This paper directly addresses a long-standing issue that affects the development of many complex distributed software systems: how to establish quickly, cheaply, and reliably whether they can deliver their intended performance before expending significant time, effort, and money on detailed design and implementation. We describe
SD, a novel metrics-based and quality-centric paradigm that uses formalised outcome diagrams to explore the performance consequences of design decisions, as a performance blueprint of the system. The distinctive feature of outcome diagrams is that they capture the essential observational properties of the system, independent of the details of system structure and behaviour. The
SD paradigm derives bounds on performance expressed as probability distributions encompassing all possible executions of the system. The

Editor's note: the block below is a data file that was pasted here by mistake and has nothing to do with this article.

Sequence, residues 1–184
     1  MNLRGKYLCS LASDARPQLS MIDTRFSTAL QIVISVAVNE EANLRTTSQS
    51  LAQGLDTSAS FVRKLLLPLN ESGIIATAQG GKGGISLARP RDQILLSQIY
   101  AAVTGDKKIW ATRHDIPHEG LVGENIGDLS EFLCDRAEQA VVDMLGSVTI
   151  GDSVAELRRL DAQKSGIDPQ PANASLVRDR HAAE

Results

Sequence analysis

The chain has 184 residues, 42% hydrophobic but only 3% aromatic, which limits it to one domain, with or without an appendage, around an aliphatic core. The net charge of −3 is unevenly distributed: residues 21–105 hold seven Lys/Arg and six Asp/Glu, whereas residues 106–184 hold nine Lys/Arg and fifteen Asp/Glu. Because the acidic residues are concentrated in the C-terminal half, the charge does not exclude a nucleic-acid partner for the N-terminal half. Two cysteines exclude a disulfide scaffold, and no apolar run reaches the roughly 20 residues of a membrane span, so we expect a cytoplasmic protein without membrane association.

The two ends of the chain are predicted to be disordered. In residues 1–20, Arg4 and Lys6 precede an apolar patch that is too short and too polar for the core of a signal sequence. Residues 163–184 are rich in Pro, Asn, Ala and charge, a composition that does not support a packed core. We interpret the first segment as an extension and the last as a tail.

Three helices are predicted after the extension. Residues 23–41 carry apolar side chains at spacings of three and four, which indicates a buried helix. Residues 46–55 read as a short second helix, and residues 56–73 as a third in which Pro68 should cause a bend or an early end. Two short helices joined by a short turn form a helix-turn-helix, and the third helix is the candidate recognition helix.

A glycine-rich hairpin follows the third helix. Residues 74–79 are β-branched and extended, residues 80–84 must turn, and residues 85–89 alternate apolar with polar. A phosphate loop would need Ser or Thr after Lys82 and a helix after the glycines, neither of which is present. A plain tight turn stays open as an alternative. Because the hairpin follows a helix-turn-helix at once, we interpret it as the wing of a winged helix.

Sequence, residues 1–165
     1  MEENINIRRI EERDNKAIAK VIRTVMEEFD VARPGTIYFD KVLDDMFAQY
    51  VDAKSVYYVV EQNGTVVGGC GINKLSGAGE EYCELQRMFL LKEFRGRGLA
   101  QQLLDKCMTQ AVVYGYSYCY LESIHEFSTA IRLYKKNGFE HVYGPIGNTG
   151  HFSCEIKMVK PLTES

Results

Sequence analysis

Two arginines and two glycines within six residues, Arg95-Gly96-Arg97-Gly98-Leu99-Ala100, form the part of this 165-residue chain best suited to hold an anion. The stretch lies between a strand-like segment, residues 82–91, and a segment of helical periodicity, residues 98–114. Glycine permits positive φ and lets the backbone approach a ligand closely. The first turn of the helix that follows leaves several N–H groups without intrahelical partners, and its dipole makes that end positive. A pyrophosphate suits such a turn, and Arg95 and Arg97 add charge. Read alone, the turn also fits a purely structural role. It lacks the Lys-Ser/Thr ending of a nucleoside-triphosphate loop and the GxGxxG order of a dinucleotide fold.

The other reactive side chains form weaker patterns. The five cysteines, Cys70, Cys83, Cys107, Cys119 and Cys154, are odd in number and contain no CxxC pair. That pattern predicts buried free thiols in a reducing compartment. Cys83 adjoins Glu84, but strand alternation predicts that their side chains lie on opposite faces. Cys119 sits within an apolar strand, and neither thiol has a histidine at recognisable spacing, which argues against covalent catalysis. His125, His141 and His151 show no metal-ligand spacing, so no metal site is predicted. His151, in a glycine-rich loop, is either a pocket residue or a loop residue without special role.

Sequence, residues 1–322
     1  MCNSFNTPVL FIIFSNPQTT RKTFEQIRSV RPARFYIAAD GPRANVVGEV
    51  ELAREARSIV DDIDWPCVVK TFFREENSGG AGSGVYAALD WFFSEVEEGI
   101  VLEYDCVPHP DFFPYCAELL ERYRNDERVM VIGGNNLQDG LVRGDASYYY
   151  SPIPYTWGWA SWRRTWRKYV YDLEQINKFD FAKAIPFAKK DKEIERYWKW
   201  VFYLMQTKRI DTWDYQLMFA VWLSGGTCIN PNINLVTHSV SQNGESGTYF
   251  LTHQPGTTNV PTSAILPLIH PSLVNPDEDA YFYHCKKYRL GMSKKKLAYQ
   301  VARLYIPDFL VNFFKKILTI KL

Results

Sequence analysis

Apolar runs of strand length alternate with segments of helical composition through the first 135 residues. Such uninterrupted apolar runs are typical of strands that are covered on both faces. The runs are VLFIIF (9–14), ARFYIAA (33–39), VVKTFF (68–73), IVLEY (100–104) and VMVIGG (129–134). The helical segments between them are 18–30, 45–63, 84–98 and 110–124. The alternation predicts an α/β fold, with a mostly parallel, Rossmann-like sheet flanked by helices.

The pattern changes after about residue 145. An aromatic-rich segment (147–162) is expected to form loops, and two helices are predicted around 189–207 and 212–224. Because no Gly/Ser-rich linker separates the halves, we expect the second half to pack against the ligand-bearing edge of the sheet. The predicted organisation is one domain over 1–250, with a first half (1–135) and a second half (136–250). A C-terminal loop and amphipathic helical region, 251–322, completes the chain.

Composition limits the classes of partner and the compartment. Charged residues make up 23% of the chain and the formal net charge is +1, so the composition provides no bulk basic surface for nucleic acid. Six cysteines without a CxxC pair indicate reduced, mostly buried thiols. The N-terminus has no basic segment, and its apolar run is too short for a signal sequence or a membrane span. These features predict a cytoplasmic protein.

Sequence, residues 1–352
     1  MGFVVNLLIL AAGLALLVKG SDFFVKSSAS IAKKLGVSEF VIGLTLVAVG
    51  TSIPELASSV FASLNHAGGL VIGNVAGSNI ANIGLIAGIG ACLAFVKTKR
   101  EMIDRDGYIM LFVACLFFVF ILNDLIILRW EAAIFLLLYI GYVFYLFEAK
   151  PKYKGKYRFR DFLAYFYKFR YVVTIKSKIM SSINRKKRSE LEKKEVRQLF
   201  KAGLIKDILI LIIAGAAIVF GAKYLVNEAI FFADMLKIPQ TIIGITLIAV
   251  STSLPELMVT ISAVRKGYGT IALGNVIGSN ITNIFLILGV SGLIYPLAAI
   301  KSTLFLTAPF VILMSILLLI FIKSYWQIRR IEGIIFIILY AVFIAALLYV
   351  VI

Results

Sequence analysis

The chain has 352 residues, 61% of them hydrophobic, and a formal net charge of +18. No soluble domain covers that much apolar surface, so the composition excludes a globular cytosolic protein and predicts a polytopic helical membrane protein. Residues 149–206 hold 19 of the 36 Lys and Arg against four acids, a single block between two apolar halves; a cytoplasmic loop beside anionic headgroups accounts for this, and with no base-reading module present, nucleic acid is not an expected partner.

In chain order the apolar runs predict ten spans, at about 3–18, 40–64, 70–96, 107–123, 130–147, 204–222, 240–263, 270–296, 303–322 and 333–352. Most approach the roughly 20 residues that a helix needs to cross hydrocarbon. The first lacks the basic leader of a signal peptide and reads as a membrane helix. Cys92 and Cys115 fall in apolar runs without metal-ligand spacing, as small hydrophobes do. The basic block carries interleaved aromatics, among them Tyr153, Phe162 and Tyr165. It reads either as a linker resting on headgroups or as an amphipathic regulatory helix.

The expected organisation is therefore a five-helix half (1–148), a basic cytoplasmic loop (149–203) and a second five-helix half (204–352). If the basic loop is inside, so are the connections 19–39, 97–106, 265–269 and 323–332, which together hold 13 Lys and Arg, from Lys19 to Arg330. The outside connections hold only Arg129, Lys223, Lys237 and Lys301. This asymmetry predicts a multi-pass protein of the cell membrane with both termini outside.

SD paradigm is both effective and generic: it allows values from various sources to be combined in a rigorous way so that approximate results can be obtained quickly and subsequently refined.
SD has been successfully used by a small team in Predictable Network Solutions for consultancy on large-scale applications in a number of industries, including telecommunications, avionics, and space and defence, resulting in cumulative savings worth billions of US dollars. The paper outlines the
SD paradigm, describes its formal underpinnings, and illustrates its use via a topical real-world example taken from the blockchain/cryptocurrency domain.
SD has supported the development of an industry-leading proof-of-stake blockchain implementation that reliably and consistently delivers blocks of up to 80 kB every 20 s on average across a globally distributed network of collaborating block-producing nodes operating on the public internet.
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